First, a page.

Phoenix HPR Royal second stage
Talking to Bryan he mentioned that the new Phoenix HPR (High Performance Regulator) will be available very soon. The parts have been ordered and he will have it available long before Sand Dog.
Therefore, he suggested that it is time to explain and show the new second stage.
The reason for not showing more from the beginning is because the design looks very simple and very similar to many other basic demand valve second stages. A poor reproduction can be easily copied, but the performance is in the details.
At first glance some may say that it looks a lot like a Trieste second stage or maybe the second stage on some single hose regulator. The answer is that the details are very different from a Trieste, but it does take many refinements used on some of the better designed (but simple) single hose second stages.
I have considered many times how to make a balanced second stage for a DH, but with the mechanical advantage of the large diaphragm I have concluded that there is no need for it. The trick is in keeping friction down in the right places, take advantage of good mechanical lever, and have good control of venturi effect.
But before I talk about the Phoenix HPR, I want to start by going over the original RAM second stage as shown in the picture below.
Through the years we have all made some modifications to the original second stage to make more user-friendly and improve performance: we don’t bend the top of the horseshoe support hinges anymore, we don’t stake the nut to lock it anymore, we may file the edges of the hinges to smooth out all the contact point, etc. You can even see that I file notches on the horseshoe to allow better access to the hinge support screws.
In addition we spend some time aligning the horseshoe hinge supports with the horseshoe and the seat carrier in order to reduce any binding or friction. We then adjust the lever height and when we are happy with it we lock the nut with glue or nail polish or similar. And we hope that we don’t need to change the adjustment.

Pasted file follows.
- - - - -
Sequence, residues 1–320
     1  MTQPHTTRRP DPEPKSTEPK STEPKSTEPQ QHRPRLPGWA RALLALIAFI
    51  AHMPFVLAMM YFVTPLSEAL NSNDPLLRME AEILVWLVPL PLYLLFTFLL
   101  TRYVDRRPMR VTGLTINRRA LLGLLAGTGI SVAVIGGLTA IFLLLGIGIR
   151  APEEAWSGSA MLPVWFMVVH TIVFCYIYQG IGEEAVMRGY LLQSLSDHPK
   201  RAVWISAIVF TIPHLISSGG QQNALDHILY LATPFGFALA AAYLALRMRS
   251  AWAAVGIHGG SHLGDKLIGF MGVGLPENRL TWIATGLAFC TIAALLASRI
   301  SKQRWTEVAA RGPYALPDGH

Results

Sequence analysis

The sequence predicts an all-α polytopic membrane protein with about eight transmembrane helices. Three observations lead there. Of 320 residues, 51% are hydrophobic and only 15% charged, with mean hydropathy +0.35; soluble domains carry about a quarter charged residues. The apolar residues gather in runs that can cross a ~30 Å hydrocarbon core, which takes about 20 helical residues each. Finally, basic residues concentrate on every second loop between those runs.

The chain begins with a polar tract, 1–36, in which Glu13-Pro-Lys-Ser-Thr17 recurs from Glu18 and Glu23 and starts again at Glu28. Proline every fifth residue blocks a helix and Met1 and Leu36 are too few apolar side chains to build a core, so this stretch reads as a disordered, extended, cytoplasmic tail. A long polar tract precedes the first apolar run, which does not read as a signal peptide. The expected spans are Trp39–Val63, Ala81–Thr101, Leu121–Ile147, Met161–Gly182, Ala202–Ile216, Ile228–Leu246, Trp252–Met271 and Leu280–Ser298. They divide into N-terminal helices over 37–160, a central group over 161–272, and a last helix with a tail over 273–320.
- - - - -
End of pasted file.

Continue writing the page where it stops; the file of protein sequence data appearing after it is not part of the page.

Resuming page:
Then when we place the diaphragm we need to carefully align it so that the high spot on the curved tabs are just over the contact point on the horseshoe. But, that is not perfect, because the horseshoe is not perfectly lined with the center… but it is close.
Anyway you get the point.
When we are done some of them perform extremely well, but not all… and we go back and tinker with it some more.
The hinge supports just have too many contact points with the horseshoe that have to play together well to reduce friction and avoid any binding. The forces are hard to feel because that are very low, but that is the magnitude of the forces we are dealing with.
So now about the new second stage, what makes it high performance and very used friendly.
The unit is first of all simple. It is a module that can be preassemble and then installed. The lever height is easily adjusted after installation, and it may never need to be adjustment again.
Instead of several parts that need to be aligned, the lever is captured, but with plenty of play to avoid binding and minimize friction. The contact points of the lever are carefully controlled and the module is self contained. The lever has very good mechanical advantage with a very simple prying action on to specifically selected contact/ fulcrum points.